The Upper Québec City is situated between the mouth of the Saint-Charles River to the east and the mouth of the Cap-Rouge River to the west. It is bordered in the south by the Cap-Diamant Escarpment and the depression of Cap-Rouge–Limoilou to the north. The location is remarkable for its unique history in North America, being one of the oldest cities on the continent.

    Québec was one of the principal locations for the disembarking of European colonists and immigrants coming to Canada over the last few centuries, in addition to serving as a hub for commercial activities between Europe and North America.

    Explorers and French scientists collected their first plant specimens in the Québec City area; many botanical specimens are still preserved in the grand herbaria of Paris, France. From Champlain to the present day, the Upper Québec City has undergone a systematic transformation of its habitats caused by the expansion of the population and the slow but progressive process of urbanization through time.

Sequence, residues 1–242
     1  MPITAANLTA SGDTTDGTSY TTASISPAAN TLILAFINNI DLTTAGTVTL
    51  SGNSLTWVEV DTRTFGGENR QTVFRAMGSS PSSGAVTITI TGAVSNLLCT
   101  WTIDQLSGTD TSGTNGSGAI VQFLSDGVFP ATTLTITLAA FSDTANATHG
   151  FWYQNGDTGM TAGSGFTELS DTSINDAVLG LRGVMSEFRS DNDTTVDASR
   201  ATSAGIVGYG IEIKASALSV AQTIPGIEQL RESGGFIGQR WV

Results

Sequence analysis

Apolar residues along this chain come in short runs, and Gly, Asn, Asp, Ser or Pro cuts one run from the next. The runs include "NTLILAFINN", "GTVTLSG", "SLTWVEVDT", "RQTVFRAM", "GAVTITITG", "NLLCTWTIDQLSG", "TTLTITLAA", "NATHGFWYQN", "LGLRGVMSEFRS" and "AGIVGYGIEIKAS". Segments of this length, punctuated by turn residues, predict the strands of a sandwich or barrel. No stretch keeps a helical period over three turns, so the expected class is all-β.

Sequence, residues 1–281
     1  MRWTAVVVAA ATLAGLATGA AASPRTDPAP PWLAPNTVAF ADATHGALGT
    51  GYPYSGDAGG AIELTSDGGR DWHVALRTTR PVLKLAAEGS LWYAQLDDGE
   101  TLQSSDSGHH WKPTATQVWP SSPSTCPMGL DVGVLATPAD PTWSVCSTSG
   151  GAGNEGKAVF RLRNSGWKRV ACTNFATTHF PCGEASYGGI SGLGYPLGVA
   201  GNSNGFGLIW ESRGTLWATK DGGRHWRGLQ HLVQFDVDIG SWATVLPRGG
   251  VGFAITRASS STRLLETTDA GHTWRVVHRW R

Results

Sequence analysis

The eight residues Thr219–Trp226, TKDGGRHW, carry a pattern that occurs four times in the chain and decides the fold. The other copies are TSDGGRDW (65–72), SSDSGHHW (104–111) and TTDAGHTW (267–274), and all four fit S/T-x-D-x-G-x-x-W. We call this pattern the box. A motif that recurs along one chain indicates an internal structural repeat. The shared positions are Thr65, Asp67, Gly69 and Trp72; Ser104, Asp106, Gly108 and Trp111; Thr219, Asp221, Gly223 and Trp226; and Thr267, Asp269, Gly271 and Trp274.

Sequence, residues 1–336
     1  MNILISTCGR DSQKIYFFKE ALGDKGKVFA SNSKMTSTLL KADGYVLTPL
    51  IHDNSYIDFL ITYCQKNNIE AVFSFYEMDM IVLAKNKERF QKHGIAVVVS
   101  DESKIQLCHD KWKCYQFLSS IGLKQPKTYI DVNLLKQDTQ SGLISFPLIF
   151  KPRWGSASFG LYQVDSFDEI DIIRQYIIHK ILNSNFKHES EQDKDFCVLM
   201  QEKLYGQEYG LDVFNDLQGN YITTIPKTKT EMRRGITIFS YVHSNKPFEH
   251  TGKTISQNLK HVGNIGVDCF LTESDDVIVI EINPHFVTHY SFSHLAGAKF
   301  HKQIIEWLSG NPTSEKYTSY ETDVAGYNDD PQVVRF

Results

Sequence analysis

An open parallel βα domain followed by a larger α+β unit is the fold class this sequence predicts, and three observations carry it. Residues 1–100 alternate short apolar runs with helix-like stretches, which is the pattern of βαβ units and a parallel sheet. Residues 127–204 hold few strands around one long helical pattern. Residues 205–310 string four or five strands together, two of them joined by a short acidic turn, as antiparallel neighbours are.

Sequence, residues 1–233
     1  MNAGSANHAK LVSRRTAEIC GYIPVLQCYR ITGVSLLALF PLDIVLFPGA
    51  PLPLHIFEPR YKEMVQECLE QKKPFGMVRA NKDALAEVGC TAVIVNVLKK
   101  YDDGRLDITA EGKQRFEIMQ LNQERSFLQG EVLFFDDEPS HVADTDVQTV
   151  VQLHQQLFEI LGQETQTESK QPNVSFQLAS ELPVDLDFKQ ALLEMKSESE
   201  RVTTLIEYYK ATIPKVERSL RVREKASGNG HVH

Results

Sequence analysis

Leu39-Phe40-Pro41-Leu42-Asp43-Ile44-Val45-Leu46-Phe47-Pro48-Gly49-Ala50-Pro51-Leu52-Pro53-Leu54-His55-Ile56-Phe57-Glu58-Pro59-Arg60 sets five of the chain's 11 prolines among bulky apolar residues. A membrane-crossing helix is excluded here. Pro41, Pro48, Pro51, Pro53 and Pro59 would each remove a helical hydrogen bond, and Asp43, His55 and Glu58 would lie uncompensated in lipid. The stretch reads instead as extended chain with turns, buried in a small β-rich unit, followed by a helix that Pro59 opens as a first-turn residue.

A study by Guy Baillargeon (masters thesis, Université Laval, 1981), shows that the expansion of Upper Québec City caused the disappearance of 155 indigenous species while favouring the establishment of 377 exotic species coming primarily from Europe and Asia (baillargeon1981.pdf).

    The Québec City Flora project aims to create an interactive website (in preparation) centered on the geographic distribution of plants of the Upper Québec City, as a function of time. The project is based on plants collected in this area that have been preserved in the herbaria of Québec and elsewhere and entered into an electronic database.

    The database will provide information on each herbarium specimen (i.e., species, location and habitat on the Upper Québec City, the name of the collector, and sampling year), as well as the distribution of the taxa as a function of time. In this manner, users of the internet site can develop an understanding of the flora of the Upper Québec City in an interactive manner and better evaluate the vegetation dynamics of historical and contempory Québec over the last four centuries.